web design

Improve Website Performance

November 21st, 2012 0 Comments

Here’s a few basic rules to improve the performance of your website. Perhaps in the future I’ll go deeper into this topic and cover some more advanced topics.

1. Minimize HTTP Requests
2. Use a Content Delivery Network
3. Add an Expires or a Cache-Control Header
4. Gzip Components
5. Put Stylesheets at the Top
6. Put Scripts at the Bottom
7. Avoid CSS Expressions
8. Make JavaScript and CSS External
9. Reduce DNS Lookups
10. Minify JavaScript and CSS
11. Avoid Redirects
12. Remove Duplicate Scripts/Code
13. Configure ETags
14. Make Ajax Cacheable
15. Flush the Buffer Early
16. Use GET for AJAX Requests
17. Post-load Components
18. Preload Components
19. Reduce the Number of DOM Elements
20. Split Components Across Domains
21. Minimize the Number of iframes
22. No 404s
23. Reduce Cookie Size
24. Use Cookie-free Domains for Components
25. Minimize DOM Access
26. Develop Smart Event Handlers
27. Choose over @import
28. Avoid Filters
29. Optimize Images
30. Optimize CSS Sprites
31. Keep Components under 25K
32. Pack Components into a Multipart Document
33. Make favicon.ico Small and Cacheable
34. Caching strategies like using Memcached
35. Serve resources from a consistent URL

The Future Of Web Development

October 12th, 2012 0 Comments

The front end developer has realized that a new era of development is well formed and quickly coming.  With the introduction of technologies such as WebGL and Canvas, even graphics rendering became feasible using JavaScript.  But, this didn’t change anything on the server side; the server programs were still running on JVMs/Rubys/Pythons.

Fast forward to today: The scenario is dramatically changing. JavaScript has just sneaked its way into the servers. Now, it is no longer required that a web application needs to have a back end programming language such as Java/C++. Everything can be done using just JavaScript.

Thanks to node.js which made it possible to run the JavaScript server side. Using MongoDB, one can replace the need to have SQL code and now store JSON documents using JavaScript MongoDB connectors. The JavaScript template libraries such as {{Mustache}}/Underscore almost removed the need to have server side templates (JSPs). On the client side, JavaScript MVC frameworks such as Backbone.JS enable us to write maintainable code. And, there’s always the plain old JavaScript waiting for us to write some form validation script, and the never end JQuery plugins that extend our functionality with ease. With that, now it is possible to do the heavy lifting just by using JavaScript.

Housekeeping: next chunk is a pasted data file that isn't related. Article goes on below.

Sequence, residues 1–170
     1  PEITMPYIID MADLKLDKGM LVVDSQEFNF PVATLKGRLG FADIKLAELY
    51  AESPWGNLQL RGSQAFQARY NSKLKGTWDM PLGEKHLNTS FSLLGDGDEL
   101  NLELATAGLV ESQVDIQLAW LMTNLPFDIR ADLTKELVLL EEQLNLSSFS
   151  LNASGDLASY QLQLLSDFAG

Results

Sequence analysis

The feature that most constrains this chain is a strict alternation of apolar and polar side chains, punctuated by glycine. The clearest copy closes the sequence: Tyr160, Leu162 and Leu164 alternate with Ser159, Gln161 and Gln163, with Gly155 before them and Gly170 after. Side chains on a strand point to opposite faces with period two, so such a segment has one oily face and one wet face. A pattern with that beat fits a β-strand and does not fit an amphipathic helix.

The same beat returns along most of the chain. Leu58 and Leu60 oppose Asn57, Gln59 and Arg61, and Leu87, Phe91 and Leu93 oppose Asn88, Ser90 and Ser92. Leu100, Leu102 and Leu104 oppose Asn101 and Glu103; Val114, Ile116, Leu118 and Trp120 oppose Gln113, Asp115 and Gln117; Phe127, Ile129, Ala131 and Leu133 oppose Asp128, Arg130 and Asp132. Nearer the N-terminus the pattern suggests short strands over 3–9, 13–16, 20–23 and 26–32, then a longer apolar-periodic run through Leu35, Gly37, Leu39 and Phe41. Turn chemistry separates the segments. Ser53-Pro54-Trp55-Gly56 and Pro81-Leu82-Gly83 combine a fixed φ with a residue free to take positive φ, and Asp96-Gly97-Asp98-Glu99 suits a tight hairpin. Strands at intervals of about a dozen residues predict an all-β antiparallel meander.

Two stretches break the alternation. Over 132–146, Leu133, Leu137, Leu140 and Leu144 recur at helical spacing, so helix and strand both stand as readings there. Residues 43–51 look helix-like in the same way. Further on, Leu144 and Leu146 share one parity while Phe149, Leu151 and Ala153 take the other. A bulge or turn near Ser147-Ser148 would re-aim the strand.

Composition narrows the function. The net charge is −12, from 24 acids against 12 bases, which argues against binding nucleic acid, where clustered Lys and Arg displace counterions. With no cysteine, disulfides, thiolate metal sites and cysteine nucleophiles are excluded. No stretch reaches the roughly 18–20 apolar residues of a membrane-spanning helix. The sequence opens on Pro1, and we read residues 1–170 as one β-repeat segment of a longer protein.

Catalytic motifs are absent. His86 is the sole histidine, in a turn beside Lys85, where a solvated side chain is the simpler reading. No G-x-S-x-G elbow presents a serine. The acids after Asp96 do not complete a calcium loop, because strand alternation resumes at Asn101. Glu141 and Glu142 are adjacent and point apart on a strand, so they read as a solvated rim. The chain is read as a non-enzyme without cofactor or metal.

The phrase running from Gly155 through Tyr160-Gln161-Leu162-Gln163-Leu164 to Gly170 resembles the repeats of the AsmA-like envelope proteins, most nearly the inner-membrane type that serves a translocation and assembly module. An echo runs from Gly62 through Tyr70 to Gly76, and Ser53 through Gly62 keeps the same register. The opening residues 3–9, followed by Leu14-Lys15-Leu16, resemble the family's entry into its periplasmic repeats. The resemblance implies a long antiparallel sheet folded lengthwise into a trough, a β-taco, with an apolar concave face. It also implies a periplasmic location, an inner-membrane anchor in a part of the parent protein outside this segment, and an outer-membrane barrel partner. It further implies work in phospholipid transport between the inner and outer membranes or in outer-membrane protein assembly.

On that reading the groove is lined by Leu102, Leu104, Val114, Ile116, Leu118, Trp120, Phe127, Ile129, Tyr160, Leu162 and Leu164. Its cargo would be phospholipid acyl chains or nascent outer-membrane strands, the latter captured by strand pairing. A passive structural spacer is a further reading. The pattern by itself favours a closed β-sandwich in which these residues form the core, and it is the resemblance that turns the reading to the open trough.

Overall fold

The front end JavaScript programmers no longer need to focus on just the front end. They can use their skill set to develop the web application end-to-end. This rise of the front end developers poses a threat to the survival of the back end developer. If you are one, do you already realize this threat? What’s your game plan to stay fit to survive this challenge?

Adobe Dreamweavers Future For Developers

August 1st, 2010 0 Comments

OK, Dreamweaver has reused the recordset code for too long, but let’s look at the big picture for Dreamweaver CS5. The easiest front end development tool that exists… period. No one can take that away. In CS5, Adobe has finally stepped up their development game a notch.

As a PHP developer, it’s the changes in Code view that really excite me. When you start typing a PHP script in Dreamweaver CS5, you’ll immediately notice a red marker in the line numbers column and an alert about a syntax error. Complete the line without errors, and the marker and warning disappear. Dreamweaver constantly checks your syntax on the fly. It doesn’t tell you what the errors are, but it highlights all lines with errors, making the debugging process much quicker. PHP code hints have also been improved dramatically. There’s full support for all core functions, constants, and classes (as of PHP 5.2).

Code hinting is also much smarter. Instead of needing to search through code hints alphabetically, Dreamweaver CS5 searches for substrings. This is helpful when you can’t remember the exact name of function or class—just type the part of the name that you remember, and Dreamweaver includes it in the list. You can also work out your own shortcuts. For example, if you press Ctrl+spacebar and type gesi, the code hints take you straight to getimagesize() by recognizing the ge of “image” and the si of “size”. And in case you don’t know how a function or class works, the official manual page—complete with code examples—appears as a tooltip at the bottom of the selected code hint.

For serious PHP developers, it gets even better. Dreamweaver CS5 is capable of code introspection, so it builds code hints on the fly for your own functions and classes, as well as for third-party libraries, such as the Zend Framework. The definition files don’t even need to be directly attached to the page you’re working in. With Site-Specific Code Hints, you tell Dreamweaver where your library files are located, and it scans them for you automatically.

So should you upgrade? Seriously, you’re asking that? YES… it’s the best version of Dreamweaver that’s existed.